6)  Added Notes to about 15 more AncestryDNA matches with cM values, relationships and known common ancestors, and added two ThruLines to the RootsMagic family tree database.

7) There were several sessions working in the RootsMagic software program to match with and update FamilySearch Family Tree profiles for Seaver families and my ancestral families, with occasional additions to the RootsMagic profiles. I have matched 33,993 of my RootsMagic persons with FSFT.

8)  Used Web Hints and Record Matches from Ancestry, MyHeritage, Findmypast and FamilySearch to add content and sources to my RootsMagic profiles.  I now have 55,765 persons in my RootsMagic file, and 114,168 source citations.   I TreeShared twice this week updating 211 profiles, and I resolved 1039 Ancestry Hints.  I’ve fallen behind on the Ancestry Record Hints with 122,059 to be resolved, but I work on them weekly.    

10)  Decided to go to RootsTech SLC 2020 because daughter Lori gifted me four days off from caretaking from 26 to 29 February.  Made hotel (Little America) and flight (Southwest) reservations and I’m looking forward to seeing my genea-mates again in person.

11)  Decided on two major “goals” for 2020 – to pursue the Mayflower Society application as a descendant of William White, and to work on adding DNA segments from known common ancestors to DNA Painter.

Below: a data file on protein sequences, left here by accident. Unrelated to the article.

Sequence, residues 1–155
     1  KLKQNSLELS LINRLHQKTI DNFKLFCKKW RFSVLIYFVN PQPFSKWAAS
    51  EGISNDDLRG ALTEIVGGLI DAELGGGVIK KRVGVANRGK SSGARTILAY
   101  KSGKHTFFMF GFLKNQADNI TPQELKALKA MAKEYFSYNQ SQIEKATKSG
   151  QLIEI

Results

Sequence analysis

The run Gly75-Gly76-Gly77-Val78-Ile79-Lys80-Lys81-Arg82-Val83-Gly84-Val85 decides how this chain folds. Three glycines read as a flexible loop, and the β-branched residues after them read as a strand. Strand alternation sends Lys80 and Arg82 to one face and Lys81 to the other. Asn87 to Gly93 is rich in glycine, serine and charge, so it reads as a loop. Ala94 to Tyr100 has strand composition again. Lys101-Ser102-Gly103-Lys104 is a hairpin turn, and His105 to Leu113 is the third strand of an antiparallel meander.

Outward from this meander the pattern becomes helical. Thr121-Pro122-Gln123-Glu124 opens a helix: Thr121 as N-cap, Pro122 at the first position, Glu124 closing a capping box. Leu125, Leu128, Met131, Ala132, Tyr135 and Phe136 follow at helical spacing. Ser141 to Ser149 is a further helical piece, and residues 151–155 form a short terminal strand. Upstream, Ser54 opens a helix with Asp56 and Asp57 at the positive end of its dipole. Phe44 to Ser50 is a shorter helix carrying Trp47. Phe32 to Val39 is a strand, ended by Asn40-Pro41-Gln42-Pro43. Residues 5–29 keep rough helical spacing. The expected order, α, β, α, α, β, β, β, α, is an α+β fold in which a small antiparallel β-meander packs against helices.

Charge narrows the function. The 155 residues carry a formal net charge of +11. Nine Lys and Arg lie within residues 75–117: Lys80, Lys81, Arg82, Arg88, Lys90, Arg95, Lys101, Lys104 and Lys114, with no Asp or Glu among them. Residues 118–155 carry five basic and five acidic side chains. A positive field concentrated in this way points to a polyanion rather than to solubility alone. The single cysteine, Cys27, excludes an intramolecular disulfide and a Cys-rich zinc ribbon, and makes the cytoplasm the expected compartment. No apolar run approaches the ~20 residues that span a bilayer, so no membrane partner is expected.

12) Wrote 23 Genea-Musings blog posts last week, of which four were press releases.  The most popular post last week was Tuesday’s Tip: Use the California Birth Index, 1905-1995 with over  1097 views.  


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Findabed Australia, Minecraft, Firefox, More: Saturday Afternoon ResearchBuzz, January 4, 2020

The Leader: Findabed helps Australia’s bushfire evacuees get refuge. “Set up just five days ago, Find A Bed is a service aimed at helping those displaced by the bushfire crisis and already scores have been relocated and the service is receiving new offers of assistance every minute. Erin Riley, from Razorback, NSW, set up the service on New Years Eve when she tweeted out that she had paddocks available for anyone in need of relocating their animals. She was overwhelmed by the number of people who also wanted to volunteer their homes and land.”